Jean Renoir's La Grande Illusion, a.k.a. Grand Illusion is a wonderful film about 2 French Officers during WWI who are captured and sent to a prison camp. Erich von Stroheim, best known for his role as Max Von Meyerling in Billy Wilder's Sunset Blvd, stars as a German Ace Captain von Rauffenstein (who shot down the 2 Frenchmen) and then gets reassigned to become commandant (he's not like Werner Von Klemperer, a.k.a. Colonel Klink) of a prison camp after sustaining serious injury by getting shot down. There's additional tension and class conflict between the French Captain De Boeldieu (Pierre Fresnay), who is an aristocrat and Lieutenant Marechal (Jean Gabin) who is a mechanic. The film also portrays an underlying anti-semitism, with the character Lieutenant Rosenthal (Marcel Dalio), who is slowing down an escape attempt when he strains his ankle. This is a really great film, voted in the top 250 of all time at IMDB.com.
Grande Illusion, La
Directed by - Jean Renoir
(1938) - B&W - 114 min
The conflicts and ironies of war are examined from various angles as we follow the lives of 2 captured French pilots during WWI. If you liked the Great Escape or Stalog 17, I bet you'll like this film too. The cinematography is outstanding and Jean Renoir's genius is in top form. In 1939, this film was nominated for an Oscar for Best Picture, and should have won... but somehow got bested by Frank Capra's You Can't Take It with You. Renoir's film is still gripping, and the story about the disturbing consequences of war is timeless. If you've never seen it - you're in for a real treat.
Intro, B&W, credits, in French with subtitles. Two French pilots are shot down by the pompous Captain von Rauffenstein, who asks the officers to dine with him before they are sent to the prison camp. Once at the camp, they learn that the men are busy digging a long tunnel under the garden. French aristocrat, Captain de Boeldieu seems out of place due to his class and because he sports a monocle.
Our two French officers arrive at the German prison camp
Lieutenant Mar?chal, who was a mechanic back home, i.e. NOT an aristocrat, play by Jean Gabin
The prisoners are putting on a revue, singing and dancing, and dressing up like women in the folies bergere doing the can-can. They just learned that Douaumont, which was previously captured by the Germans is retaken. So Mar?chal breaks into song and belts out a French National song, which gets him sent to solitary confinement. A similar scene is used a few years later in Casablanca, where Corinna Mura, the lounge singer at Rick's cafe belts out La Marseillaise, the French National anthem.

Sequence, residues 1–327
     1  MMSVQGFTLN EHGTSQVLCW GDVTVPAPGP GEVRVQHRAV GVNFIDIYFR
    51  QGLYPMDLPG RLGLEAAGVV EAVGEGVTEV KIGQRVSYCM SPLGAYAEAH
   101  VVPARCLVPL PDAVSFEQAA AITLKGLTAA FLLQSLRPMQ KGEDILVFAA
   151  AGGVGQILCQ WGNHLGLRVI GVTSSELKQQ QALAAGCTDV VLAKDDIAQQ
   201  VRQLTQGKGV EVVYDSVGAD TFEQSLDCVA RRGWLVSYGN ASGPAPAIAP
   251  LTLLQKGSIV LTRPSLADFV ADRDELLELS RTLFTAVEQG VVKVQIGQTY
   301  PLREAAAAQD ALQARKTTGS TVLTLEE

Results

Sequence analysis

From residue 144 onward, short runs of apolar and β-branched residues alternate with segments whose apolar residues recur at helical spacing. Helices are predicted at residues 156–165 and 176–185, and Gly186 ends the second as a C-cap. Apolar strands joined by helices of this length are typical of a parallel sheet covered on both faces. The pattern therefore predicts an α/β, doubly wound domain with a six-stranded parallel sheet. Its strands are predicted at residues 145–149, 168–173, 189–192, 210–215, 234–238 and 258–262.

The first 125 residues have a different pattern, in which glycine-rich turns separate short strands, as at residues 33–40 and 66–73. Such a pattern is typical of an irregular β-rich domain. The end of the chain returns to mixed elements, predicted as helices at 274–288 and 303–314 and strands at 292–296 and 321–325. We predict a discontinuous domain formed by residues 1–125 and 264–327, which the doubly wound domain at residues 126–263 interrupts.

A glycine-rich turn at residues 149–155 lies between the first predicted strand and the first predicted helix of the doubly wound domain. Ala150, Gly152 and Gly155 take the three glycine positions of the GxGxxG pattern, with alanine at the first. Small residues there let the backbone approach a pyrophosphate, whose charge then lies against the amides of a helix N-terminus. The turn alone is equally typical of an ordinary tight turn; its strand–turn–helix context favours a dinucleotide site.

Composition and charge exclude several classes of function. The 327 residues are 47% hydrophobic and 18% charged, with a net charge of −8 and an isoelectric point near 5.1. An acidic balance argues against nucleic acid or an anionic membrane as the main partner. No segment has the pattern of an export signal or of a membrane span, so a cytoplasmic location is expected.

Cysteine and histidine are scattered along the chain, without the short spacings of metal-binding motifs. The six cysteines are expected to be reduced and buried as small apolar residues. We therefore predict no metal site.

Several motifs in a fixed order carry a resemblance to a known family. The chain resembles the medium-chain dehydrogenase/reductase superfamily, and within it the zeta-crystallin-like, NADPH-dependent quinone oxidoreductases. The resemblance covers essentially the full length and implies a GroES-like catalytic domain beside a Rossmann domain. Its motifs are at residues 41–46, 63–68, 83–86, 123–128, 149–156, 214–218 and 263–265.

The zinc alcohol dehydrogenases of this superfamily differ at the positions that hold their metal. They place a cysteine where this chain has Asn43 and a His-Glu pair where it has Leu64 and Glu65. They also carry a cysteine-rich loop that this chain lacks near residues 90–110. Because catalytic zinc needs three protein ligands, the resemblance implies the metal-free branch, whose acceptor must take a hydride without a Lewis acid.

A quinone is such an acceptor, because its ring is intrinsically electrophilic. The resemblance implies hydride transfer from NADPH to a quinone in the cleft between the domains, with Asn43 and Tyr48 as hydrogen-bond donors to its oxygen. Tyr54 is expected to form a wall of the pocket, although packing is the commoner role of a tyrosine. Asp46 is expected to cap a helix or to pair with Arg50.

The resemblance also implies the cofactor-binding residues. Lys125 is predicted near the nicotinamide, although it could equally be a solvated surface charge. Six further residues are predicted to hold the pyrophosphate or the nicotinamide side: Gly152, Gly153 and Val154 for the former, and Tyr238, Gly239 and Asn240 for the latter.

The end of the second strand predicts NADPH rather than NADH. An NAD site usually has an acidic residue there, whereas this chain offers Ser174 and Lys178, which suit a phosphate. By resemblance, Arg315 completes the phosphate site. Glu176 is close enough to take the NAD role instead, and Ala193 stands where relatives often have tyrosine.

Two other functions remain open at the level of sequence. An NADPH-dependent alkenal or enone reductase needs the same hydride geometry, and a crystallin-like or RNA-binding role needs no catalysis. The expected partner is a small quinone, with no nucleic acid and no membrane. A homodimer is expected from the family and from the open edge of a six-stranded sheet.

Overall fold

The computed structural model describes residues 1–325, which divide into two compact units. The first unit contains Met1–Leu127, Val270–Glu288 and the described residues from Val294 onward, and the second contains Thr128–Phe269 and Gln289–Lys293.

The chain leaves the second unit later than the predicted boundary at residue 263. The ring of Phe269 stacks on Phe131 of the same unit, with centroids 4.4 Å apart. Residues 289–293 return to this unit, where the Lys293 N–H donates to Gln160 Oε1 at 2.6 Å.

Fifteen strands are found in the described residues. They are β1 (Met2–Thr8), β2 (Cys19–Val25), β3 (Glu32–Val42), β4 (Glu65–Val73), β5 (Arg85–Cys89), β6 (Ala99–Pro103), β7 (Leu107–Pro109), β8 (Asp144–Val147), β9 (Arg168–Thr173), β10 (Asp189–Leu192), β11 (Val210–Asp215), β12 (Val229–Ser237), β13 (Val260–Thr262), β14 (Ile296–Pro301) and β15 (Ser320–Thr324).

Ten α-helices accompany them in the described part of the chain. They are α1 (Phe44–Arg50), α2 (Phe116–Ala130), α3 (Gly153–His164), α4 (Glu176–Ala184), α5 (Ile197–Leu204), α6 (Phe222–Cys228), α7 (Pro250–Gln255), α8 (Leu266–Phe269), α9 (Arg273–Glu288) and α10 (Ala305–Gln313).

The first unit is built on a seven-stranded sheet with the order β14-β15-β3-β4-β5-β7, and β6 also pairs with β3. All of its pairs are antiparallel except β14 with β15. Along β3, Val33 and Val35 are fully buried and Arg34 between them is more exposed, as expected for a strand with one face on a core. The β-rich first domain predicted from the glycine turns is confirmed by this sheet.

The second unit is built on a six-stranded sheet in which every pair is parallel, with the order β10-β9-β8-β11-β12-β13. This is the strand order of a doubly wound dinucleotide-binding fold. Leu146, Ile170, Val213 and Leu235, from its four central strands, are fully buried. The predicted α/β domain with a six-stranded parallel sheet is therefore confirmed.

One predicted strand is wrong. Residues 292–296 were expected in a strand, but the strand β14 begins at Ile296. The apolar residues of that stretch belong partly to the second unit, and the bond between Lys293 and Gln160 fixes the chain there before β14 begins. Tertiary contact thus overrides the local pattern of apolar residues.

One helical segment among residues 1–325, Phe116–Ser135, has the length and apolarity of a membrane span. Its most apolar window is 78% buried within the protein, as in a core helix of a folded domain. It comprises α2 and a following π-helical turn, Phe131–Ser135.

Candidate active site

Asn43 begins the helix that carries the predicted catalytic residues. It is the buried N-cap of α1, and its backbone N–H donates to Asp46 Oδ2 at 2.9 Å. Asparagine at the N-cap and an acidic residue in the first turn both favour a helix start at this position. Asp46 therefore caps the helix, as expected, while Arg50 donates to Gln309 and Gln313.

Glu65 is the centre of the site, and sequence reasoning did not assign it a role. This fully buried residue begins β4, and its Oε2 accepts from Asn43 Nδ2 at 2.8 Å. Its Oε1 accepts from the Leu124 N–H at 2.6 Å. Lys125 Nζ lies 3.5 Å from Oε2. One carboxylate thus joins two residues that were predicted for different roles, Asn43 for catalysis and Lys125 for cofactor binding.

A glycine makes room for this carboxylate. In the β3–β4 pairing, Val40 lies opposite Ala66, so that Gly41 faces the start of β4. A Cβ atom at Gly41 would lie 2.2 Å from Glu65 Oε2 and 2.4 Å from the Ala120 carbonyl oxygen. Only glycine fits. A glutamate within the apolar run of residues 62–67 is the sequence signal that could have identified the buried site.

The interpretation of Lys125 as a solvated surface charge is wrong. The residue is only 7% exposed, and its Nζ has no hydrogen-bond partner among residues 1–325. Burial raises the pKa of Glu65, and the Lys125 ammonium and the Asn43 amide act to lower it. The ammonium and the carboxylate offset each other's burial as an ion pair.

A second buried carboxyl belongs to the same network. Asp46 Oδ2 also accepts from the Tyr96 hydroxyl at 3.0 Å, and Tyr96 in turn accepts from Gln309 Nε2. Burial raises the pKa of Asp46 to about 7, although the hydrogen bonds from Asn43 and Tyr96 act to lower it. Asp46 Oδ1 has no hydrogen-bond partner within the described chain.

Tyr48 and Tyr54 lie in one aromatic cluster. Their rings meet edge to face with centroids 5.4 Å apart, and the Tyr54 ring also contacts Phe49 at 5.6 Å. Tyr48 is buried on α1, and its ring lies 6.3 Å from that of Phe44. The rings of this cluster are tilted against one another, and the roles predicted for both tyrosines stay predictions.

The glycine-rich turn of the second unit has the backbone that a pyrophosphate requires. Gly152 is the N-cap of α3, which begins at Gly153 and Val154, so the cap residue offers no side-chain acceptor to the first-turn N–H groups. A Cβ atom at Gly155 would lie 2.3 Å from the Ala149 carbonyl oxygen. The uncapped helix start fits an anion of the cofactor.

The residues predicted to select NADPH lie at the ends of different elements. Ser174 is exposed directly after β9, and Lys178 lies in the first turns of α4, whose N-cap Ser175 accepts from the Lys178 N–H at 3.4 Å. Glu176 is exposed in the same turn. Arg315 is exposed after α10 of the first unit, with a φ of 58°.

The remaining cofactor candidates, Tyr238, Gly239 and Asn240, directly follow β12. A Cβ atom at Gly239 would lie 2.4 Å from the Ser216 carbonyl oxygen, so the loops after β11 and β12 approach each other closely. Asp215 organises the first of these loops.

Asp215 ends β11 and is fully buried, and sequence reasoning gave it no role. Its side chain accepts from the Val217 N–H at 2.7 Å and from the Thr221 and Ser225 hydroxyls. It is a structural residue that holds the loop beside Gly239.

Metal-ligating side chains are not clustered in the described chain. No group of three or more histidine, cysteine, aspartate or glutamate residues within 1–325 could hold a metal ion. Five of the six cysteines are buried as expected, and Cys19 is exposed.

Erich von Stroheim as Captain von Rauffenstein, after he gets shot down and becomes the commandant of the stalag. Like that old neck brace.... looks like a case for Johnny Cochran
The tunnel is now ready to go... and tonight is the big break out! But, in a painful twist - the men all get transferred to another camp. There's a great scene where Mar?chal tries to tell the incoming English prisoners (who have tennis racquets!) about the tunnel... but they can't understand.... don't speak French mate, sorry. When they get to the new prison, a twelfth century chateau, they meet a familiar face, Captain von Rauffenstein - who is relegated to commandant, after sustaining major injuries in a plane crash. Rauffenstein hates his new job, as he feels the job is beneath him, being an aristocratic soldier at heart.
Grande Illusion, La
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The aristocrat pilot, Captain de Boeldieu, played by Pierre Fresnay
The Czarina sends a special package to the prisoners - which they think is caviar... but turns out to be books. Angered by the gift, the men burn the crate of books. Again, they make plans for an escape, but this time they take advantage of the German's arrogance - and Captain de Boeldieu provides a diversion and gets shot. Meanwhile, Mar?chal and Rosenthal cleverly escape into the German countryside.
Captain von Rauffenstein, played by the great actor and director, Erich von Stroheim
Rosenthal hurts his ankle and is slowing down the escape. The two prisoners quarrel and the hoped for escape plans look bleak. Luckily, fate guides them to a farm, where Elsa - who is lonely, having lost her husband in the war, nurses them back to health. Mar?chal and Elsa become intimate - but alas, war calls and they must continue their escape. Will they make it? Will the war(s) ever end. That of course, is the Grand Illusion.
Lonely Elsa, the farm woman who lost her husband in the war, played by Dita Parlo